Sanctuary for the Abused

Sunday, June 24, 2018



"Empathy"… to understand another person's point of view,
emotions, thoughts, feelings
Empathy is the most important characteristic in human relationships.

Empathy allows us to listen without judgment to what a person is saying, doing or feeling. It permits us to imagine what someone else is experiencing without having had the experience.

Being empathetic does not mean that we have to agree with the other person or relinquish our point of view. Nor is it about self-sacrifice. Empathy is about standing in another person's shoes without getting stuck in them.

Empathy is a skill that requires understanding — a skill learned over time. It takes years to develop, and deepens and expands as we get older. To have empathy, we must have intellect, listen, and be self-reflective and in touch with our feelings.

Without empathy, there is no compassion. Empathy is the highest level of moral development. A person who totally lacks empathy has no conscience and is capable of committing horrific acts against others —child abuse, serial murder, genocide.

Our children need to learn that empathy is important and that it takes practice. We need to teach them that empathy helps us to relate and care for others. We have to help them learn the requisite skills necessary for developing empathy…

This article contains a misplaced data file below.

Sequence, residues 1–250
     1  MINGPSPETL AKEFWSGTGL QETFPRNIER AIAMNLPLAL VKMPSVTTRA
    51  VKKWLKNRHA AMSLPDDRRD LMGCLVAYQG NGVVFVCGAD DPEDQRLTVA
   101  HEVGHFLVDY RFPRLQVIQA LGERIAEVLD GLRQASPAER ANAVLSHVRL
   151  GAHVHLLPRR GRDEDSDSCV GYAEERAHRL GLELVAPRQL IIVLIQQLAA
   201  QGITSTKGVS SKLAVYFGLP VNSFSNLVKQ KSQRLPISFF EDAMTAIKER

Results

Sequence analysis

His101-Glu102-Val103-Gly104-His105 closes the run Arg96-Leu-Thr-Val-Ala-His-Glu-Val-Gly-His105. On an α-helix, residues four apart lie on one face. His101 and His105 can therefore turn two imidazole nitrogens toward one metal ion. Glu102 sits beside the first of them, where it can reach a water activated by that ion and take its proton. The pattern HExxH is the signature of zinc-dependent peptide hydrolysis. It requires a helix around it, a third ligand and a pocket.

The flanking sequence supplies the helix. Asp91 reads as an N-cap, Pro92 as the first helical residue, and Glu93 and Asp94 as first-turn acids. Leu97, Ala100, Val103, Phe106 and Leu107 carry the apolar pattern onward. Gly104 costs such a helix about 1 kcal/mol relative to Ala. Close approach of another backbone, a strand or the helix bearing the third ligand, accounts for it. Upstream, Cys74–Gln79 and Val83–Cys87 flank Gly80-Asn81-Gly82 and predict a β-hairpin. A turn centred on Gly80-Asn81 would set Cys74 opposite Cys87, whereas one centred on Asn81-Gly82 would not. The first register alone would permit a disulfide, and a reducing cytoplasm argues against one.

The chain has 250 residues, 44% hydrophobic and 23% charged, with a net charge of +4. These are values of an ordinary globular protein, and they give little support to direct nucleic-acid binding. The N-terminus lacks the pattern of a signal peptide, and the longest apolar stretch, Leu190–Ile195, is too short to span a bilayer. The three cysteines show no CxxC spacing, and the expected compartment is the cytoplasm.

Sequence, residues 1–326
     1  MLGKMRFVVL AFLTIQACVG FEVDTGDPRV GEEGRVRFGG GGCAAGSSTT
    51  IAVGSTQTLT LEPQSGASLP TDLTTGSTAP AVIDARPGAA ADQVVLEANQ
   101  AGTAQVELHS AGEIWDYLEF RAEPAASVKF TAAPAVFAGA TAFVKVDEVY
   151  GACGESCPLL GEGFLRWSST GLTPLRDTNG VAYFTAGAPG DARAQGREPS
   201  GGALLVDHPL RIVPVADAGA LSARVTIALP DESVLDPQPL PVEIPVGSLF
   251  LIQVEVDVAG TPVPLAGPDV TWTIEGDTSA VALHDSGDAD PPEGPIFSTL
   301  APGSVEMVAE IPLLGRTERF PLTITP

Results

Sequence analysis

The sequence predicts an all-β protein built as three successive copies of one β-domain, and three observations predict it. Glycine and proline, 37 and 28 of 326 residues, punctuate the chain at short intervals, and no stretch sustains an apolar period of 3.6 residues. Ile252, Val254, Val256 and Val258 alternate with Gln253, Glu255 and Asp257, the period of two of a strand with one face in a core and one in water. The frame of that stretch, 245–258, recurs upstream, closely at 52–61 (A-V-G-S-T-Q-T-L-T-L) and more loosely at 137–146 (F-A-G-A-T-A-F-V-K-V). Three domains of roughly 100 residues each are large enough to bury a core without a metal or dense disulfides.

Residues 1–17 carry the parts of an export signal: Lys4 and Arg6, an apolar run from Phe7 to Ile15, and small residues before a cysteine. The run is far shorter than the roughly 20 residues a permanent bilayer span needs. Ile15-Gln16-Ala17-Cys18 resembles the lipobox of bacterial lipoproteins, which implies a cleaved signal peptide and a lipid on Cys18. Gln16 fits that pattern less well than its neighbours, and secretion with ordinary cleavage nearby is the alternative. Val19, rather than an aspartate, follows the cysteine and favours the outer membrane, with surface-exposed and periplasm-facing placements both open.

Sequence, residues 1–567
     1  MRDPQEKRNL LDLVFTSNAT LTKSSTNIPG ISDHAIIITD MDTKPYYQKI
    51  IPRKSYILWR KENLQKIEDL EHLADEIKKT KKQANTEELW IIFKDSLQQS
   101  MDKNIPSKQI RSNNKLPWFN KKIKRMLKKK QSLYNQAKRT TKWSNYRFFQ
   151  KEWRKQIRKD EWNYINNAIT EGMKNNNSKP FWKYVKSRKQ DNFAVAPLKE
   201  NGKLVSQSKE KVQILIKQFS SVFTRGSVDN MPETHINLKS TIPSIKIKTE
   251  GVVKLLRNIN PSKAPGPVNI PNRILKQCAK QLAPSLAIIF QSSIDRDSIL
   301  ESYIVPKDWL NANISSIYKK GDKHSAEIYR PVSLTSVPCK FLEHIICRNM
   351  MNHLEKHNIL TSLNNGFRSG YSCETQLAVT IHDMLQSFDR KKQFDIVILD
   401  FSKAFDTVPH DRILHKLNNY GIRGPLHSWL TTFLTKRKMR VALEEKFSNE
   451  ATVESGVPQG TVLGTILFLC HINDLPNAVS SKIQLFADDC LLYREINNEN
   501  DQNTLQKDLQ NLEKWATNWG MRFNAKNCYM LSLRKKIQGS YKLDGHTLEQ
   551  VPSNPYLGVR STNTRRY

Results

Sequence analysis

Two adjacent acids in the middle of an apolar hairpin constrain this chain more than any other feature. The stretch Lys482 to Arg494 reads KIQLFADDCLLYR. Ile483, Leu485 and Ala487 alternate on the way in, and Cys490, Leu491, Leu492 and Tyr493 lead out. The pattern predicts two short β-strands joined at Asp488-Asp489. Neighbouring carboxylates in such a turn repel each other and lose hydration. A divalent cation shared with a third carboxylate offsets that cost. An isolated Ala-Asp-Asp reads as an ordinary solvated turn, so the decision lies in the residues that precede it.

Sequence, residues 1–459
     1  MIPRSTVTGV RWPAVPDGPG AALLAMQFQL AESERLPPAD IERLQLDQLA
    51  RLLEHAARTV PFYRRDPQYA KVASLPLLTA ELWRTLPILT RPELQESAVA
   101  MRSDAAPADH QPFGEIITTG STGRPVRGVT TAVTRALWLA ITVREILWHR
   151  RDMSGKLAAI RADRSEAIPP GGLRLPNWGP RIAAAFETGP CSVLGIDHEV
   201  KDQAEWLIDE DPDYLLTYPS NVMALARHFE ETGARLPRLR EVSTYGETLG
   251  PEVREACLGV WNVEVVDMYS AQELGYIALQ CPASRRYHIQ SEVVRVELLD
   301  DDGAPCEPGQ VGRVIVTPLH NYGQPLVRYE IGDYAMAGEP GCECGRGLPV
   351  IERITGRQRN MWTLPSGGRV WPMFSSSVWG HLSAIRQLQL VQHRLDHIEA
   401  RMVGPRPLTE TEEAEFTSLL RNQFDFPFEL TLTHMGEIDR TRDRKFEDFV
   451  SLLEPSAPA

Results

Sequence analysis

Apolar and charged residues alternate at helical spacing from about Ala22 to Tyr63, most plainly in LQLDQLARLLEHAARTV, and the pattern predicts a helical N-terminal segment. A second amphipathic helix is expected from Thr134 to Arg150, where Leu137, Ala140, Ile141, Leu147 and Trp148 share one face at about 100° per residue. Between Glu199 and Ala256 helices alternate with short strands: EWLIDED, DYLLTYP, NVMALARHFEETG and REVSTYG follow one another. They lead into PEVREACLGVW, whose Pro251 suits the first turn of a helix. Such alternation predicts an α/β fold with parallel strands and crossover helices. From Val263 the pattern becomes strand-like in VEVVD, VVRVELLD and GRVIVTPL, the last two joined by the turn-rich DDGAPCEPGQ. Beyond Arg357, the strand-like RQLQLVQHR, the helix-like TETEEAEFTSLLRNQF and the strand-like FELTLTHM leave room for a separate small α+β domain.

Thinking about ourselves and others

Reflecting on our own behaviors and feelings

Being in touch with our feelings

Listening to another person without anxiety and with minimal judgments

Since developing empathy is a complex process, parents (and teachers) must serve as role model for this behavior by displaying. We need to learn that yelling, threatening, hitting, or saying hurtful things to children is neither emphatic nor is a good foundation for their development.

Empathy is slow to develop and is learned in 10 - 15 year stages.

Developmental Stages for Empathy

Infants: Infants are totally self-directed and only know their own needs.

Toddlers: A child of two notices that other people can feel happy or sad when he or she does not.

10-year-olds: By 10, the child can imagine how he or she would feel in another person's situation, yet does not have the intellectual capacity to know or imagine how the other person is feeling.

Adolescents: In adolescence, young people start to think abstractly and are better able to grasp the concept of empathy.

Empathy, like any other skill, is a life-long learning process. It gets stronger and deeper with age and experience.

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shared by Barbara at 12:06 AM



Your empathy timeline doesn't quite jive with the research done in this field. Also, I find it curious that no one discusses the impact that child abuse has on that child's ability or willingess to empathize. This has been a marked consequence in my case, but I can't find much literature on it.

1:19 PM  

MRI's can also show that some people's brains aren't "wired" to feel empathy, guilt, shame, disgust, etc and no amount of training will fix this. It's quite simply, genetic.